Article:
Here are several links from the past week that will make your offseason Tuesday a bit more bearable:
We shouldn’t expect Byrd to be nearly as good as he showed last season in any facet. At his absolute best in 2013, he was worth 5 Wins Above Replacement, per BR; 4 WAR per FanGraphs. However, the contract has an average annual value of $8 million, which pays Byrd like a slightly below average player (about 1.5 WAR). Byrd has mostly ranged from 2–3.5 in recent years, so the contract either slightly underpays him or is more or less fair value, depending on exactly how pessimistic you are about Byrd’s production over the next two years.
- The Mariners were No. 1 in 2013 in one category of note: the Martin-Monahan Award, extended to the franchise with the most effective medical staff. Matt Ellis of Lookout Landing has the details.
- David Golebiewski of Baseball Analytics suggests that those teams inquiring about Brandon Phillips take note of his increasing struggles against the fastball.
- As for Phillips’ infield teammate, Joey Votto, Redleg Nation’s Richard Fitch is borderline apocalyptic over the possibility that the Reds will badger the star first baseman to change his approach at the plate when there are runners in scoring position with less than two out.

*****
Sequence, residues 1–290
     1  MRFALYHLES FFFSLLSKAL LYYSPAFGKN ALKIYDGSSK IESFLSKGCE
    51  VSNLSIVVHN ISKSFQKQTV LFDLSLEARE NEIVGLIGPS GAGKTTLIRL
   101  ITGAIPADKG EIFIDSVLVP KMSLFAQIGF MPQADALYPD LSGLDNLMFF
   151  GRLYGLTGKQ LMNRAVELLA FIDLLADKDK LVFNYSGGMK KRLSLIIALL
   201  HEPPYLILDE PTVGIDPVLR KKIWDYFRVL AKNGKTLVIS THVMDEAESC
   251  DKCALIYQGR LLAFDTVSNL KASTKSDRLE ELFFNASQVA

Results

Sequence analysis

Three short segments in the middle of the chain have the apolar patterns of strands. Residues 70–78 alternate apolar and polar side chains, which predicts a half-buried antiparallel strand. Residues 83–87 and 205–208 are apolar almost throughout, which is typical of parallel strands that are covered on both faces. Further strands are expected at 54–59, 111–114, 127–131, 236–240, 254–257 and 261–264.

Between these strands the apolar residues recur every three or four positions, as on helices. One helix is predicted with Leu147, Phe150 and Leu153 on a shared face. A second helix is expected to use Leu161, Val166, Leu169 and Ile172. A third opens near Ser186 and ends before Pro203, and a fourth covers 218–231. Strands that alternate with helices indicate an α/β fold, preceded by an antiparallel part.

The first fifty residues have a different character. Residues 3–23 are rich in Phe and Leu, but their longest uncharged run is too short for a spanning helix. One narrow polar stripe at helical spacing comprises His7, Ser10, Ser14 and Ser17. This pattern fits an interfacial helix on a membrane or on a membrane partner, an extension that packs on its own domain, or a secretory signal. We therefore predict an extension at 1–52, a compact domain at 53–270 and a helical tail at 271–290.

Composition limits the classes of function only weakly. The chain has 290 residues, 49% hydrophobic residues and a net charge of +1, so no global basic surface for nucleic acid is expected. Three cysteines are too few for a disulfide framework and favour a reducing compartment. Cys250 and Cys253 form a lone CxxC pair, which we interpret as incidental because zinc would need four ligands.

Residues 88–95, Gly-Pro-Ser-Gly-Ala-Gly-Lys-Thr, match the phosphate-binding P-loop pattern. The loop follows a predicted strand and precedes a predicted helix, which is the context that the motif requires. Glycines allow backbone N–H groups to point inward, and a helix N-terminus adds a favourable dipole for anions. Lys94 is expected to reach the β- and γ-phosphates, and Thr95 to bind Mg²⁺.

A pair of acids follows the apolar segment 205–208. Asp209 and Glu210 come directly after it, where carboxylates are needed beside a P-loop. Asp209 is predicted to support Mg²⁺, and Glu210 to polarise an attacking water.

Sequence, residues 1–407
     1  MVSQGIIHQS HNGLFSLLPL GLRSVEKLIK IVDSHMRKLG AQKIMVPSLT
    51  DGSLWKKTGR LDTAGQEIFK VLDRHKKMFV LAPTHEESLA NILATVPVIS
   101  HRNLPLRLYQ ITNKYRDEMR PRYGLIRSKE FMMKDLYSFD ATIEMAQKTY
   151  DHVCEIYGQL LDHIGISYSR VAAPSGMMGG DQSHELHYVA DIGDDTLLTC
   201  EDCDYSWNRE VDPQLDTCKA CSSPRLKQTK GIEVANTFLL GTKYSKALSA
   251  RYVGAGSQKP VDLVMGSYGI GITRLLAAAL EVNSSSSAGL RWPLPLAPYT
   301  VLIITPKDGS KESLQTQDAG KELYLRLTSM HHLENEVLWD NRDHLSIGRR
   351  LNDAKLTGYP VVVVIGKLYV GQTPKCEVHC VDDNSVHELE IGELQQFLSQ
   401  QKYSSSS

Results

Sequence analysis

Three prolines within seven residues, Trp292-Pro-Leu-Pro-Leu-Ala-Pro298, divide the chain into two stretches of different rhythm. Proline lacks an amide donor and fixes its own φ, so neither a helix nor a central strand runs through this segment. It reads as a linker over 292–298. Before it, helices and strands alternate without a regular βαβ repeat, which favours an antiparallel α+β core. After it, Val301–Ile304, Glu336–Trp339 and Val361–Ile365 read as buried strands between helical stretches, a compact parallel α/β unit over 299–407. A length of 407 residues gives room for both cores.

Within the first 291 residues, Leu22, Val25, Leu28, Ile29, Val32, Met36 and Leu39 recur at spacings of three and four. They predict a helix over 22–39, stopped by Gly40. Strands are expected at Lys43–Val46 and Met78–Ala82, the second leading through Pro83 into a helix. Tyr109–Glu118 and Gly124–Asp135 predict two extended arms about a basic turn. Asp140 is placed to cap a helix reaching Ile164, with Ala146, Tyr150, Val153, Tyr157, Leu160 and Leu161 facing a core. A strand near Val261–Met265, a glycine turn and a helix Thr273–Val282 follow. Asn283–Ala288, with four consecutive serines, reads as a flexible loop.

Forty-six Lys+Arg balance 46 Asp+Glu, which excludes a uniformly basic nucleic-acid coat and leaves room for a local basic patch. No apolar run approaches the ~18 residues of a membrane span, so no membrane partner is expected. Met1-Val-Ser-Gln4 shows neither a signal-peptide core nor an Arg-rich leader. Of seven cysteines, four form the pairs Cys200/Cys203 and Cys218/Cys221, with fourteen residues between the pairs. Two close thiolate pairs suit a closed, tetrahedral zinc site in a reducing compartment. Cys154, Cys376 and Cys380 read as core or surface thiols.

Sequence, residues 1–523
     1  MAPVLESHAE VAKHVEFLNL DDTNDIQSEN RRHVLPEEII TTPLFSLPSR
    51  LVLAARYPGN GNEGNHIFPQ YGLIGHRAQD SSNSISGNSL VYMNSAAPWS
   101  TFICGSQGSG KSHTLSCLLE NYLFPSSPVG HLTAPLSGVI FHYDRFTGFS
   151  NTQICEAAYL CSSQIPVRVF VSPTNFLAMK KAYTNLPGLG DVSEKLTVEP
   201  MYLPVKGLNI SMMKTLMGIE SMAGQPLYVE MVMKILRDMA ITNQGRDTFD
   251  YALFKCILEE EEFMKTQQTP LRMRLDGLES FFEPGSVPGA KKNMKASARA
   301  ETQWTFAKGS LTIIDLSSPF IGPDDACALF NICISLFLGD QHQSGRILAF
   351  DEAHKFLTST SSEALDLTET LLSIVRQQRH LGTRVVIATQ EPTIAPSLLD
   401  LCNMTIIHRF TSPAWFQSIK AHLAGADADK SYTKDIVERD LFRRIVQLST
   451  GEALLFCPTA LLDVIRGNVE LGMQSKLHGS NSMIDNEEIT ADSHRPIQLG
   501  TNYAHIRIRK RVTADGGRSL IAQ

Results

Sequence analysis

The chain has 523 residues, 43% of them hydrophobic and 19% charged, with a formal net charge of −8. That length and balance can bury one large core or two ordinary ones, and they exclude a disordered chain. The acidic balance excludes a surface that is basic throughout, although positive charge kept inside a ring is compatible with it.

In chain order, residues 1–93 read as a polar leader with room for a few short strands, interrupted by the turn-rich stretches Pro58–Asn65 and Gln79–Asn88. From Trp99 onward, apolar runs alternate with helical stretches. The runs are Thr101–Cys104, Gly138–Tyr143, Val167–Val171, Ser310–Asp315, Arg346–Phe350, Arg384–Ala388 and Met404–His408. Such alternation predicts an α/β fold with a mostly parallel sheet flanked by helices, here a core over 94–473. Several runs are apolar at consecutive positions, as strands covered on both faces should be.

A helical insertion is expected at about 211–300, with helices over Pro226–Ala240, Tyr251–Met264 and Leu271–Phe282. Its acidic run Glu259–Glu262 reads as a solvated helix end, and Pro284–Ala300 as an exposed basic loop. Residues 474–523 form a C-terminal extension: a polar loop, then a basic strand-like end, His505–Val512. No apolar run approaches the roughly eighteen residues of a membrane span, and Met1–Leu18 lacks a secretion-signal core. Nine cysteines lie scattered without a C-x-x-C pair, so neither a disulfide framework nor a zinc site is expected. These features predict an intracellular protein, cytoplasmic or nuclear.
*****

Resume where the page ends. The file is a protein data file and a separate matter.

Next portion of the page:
- Jay Jaffe of Sports Illustrated has some questions about the how expanded replay has been constructed. Christina Kahrl of ESPN’s Sweet Spot has concerns as well:
But as with so many developments during Bud Selig’s age of change, I’d worry about the unanticipated consequences.
Take the suggestion that sustained challenges don’t count against your manager’s limit of two per game. If you figure out how to only make sustainable challenges, that’s a cap you might never have to worry about reaching.
Does anyone think a team on its home field wouldn’t deploy its own resources and exploit wireless technology to communicate when the man in the dugout should throw his official red beanbag of protest onto the diamond? If there’s a way to be found, you can bet the Rays will do it. Or the A’s. Or the Astros. Or somebody, because the drive to get a competitive edge — via technology, intel or personnel, by fair means and foul — is as old as the game itself.
- Earned-run average is a fatally flawed metric, contends Beyond the Boxscore’s Bryan Gosnick, and so ”needs to go away.”
- Kudos to Al Yellon of Bleed Cubbie Blue for sharing a color broadcast of the last three innings of Jim Maloney’s no-hitter at Wrigley Field on August 19, 1965. And the fun isn’t only on the field: Be sure too to check out the Hamm’s Beer commercial.
That’s it. Have a walk-off week!